Some purchasers offer to get bridging finance so they can proceed immediately; however, vendors should realise that in most (not all of course!) cases, the cost of bridging finance and the “what if” factor of not knowing what their own home will ultimately sell for, end up working against the sale.

Since professional real estate agents will advise against taking a property off the market upon the receipt of offers from unqualified purchasers, no loss of time or money is incurred. The harm done by uninformed purchasers who retract high offers is more insidious. Often the offers made by purchasers who have not really researched the market are higher than the property’s ultimate market value; in other words, the price is above what the vendor can realistically expect to achieve. Unfortunately, the effect on the vendor’s expectation is lasting. Most vendors continue to measure all subsequent offers against the high one, even though it fell through.

In the anxiety of undertaking what for 97% of people is their biggest ever financial transaction, it is easy for vendors to forget that no mere offer in itself actually represents market value, let alone a firm sale price - until a qualified purchaser backs it up with cash. If vendors could dismiss unrealistically high offers with the same incredulousness that they dismiss unrealistically low offers, they would sell faster and for a higher price in the long run.

Our population just keeps growing   12th June 2004

New data from the Australian Bureau of Statistics (ABS) shows Australia’s population reached 20,008,700 people at December 2003, a 1.3% or 250,800 increase on the number of people living in Australia at December 2002

The population growth can be attributed to two factors, natural population growth, that is the total number of births minus the total number of deaths in any given period, and net overseas migration, which is net permanent immigration less any permanent migration out of the country.

Since Federation, Australia has grown predominately as a result of natural population growth, but for the year ended December 2003, net overseas migration was actually the greatest contributor to our population growth.

Natural population growth accounted for a 2.6% or 31,400 person increase in the population during the December quarter 2003, while on an annual basis, natural population growth accounted for a 2.6% or 118,400 person increase on the 2002 December quarter.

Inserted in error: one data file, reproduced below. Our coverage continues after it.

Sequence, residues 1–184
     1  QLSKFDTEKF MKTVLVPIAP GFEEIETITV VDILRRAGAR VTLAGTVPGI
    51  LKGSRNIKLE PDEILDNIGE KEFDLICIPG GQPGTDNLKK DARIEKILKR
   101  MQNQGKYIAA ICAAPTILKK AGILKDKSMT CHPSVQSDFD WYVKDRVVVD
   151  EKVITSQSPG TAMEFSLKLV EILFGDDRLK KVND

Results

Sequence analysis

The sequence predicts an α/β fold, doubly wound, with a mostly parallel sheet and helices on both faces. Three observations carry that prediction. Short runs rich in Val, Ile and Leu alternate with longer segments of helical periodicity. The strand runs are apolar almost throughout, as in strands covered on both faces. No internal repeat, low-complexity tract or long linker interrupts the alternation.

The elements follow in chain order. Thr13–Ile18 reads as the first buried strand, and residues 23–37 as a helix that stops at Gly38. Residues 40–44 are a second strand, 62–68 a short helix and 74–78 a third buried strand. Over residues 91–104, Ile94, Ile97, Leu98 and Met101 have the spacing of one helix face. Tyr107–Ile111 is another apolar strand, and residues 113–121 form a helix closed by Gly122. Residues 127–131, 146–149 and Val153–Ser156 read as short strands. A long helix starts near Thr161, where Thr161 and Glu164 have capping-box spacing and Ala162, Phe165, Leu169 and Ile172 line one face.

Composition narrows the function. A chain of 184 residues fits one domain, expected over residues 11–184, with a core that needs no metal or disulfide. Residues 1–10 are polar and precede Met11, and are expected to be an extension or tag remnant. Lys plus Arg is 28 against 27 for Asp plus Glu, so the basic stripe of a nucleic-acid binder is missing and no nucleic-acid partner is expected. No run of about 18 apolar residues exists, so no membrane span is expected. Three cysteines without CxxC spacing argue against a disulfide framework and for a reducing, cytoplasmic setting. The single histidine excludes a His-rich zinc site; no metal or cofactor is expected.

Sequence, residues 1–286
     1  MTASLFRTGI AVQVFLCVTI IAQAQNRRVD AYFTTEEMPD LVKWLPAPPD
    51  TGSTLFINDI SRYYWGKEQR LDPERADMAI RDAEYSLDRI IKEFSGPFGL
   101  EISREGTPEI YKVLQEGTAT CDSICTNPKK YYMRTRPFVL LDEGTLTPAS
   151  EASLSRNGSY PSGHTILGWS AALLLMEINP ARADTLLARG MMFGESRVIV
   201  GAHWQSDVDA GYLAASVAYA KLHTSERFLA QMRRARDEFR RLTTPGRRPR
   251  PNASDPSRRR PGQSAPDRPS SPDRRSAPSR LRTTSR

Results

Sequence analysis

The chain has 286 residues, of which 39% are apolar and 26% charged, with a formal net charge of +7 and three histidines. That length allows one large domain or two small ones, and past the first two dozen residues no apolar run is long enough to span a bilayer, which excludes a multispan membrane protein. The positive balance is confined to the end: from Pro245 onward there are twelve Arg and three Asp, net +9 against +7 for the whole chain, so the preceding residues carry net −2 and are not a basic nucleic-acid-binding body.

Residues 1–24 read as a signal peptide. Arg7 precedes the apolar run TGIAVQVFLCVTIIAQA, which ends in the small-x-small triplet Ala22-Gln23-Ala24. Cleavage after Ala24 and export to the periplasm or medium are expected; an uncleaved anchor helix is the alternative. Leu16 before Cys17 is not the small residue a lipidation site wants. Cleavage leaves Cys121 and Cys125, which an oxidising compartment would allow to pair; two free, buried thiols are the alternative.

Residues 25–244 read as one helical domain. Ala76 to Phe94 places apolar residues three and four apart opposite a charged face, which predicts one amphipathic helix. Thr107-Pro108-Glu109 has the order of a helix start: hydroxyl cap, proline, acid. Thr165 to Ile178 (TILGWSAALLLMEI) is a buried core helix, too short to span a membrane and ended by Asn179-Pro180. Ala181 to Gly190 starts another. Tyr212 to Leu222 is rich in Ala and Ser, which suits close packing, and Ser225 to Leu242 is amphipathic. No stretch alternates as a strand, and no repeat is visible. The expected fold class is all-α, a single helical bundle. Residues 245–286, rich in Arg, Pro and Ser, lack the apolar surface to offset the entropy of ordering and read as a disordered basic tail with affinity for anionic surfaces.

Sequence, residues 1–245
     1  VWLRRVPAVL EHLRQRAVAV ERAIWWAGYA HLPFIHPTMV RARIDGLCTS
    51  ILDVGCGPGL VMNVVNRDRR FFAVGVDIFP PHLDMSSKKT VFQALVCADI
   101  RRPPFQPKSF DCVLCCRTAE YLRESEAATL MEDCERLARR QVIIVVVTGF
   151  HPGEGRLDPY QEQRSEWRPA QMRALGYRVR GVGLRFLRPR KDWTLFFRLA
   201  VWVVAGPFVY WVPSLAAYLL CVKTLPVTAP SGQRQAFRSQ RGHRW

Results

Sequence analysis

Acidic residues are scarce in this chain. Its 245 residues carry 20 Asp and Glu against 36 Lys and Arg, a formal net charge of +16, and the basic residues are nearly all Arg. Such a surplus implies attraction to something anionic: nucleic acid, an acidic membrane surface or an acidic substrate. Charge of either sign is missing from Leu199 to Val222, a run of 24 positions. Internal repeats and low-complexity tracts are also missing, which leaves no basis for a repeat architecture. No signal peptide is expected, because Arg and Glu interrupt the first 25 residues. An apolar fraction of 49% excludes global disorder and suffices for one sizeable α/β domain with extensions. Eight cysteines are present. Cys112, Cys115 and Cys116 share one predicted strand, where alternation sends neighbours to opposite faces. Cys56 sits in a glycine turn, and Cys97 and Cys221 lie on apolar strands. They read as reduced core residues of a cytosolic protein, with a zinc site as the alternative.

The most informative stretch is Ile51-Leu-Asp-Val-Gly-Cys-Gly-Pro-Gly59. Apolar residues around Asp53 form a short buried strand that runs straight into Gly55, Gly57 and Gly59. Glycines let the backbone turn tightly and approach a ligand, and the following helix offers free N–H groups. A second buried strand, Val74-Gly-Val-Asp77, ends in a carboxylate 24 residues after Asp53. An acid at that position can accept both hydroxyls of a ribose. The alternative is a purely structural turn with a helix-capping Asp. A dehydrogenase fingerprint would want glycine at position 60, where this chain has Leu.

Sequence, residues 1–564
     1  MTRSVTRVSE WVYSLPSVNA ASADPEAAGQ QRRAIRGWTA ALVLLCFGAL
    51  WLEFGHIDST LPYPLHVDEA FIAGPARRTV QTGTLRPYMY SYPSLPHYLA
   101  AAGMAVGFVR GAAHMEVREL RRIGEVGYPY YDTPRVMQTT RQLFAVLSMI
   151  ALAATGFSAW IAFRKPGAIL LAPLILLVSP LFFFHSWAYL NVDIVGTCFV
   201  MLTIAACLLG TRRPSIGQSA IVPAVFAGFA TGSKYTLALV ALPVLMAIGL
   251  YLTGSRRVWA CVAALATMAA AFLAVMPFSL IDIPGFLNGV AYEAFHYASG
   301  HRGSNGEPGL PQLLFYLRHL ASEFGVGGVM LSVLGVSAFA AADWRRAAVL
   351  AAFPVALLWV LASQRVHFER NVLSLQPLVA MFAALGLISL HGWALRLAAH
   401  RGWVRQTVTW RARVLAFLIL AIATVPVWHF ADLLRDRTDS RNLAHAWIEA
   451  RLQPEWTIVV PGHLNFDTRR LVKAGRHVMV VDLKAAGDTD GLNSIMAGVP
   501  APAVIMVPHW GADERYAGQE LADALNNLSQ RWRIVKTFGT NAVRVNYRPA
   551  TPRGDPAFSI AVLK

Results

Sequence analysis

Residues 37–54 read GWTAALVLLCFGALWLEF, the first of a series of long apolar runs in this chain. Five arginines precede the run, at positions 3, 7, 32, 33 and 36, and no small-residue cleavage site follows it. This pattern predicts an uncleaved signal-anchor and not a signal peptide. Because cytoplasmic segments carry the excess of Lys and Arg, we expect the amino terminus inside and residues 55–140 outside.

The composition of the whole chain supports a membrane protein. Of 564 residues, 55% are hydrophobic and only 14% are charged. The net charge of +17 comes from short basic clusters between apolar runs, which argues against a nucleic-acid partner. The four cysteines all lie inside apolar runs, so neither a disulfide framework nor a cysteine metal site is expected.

Net overseas migration increased by 2.0% or 36,500 people during the December 2003 quarter.

Around the states…

As at December 2003, the population of our states and territories were, New South Wales 6,716,300 people; Victoria 4,948,000 people; Queensland 3,840,100 people; South Australia 1,531,400 people; Western Australia 1,969,000 people; Tasmania 480,000 people; Northern Territory 198,700 people and the Australian Capital Territory 322,600 people.

During the December quarter, all states and territories experienced positive population growth with Queensland recording the strongest level of growth, up 0.6%, followed by Western Australia (up 0.4%), Tasmania, Victoria and New South Wales (each up 0.3%), South Australia (up 0.2%) and the Northern Territory (up 0.1%). The Australian Capital Territory’s population remained relatively unchanged showing only a marginal growth from the previous quarter.

The rising population is likely to place increasing pressure on both state and federal governments to provide affordability housing solutions both now and in the future.

Housing contributes to economic growth   12th March 2004

Housing contributes to economic growth

National accounts’ figures released this week showed the Australian economy grew by a strong 4 per cent over the 2003 year. The housing sector contributed to around 22 per cent of this growth.
Many economic forecasters believe property will continue to contribute strongly to the economy over the next twelve months, a view that is echoed by the Housing Industry Association.
Mr Harley Dale, Senior Economist for the Housing Industry Association, has predicted the 2003 strong housing market will continue in to 2004.

Mr Dale said, “a significant amount of work still in the pipeline will see the housing sector make further strong contributions to Australia’s economic growth in the first half of 2004”.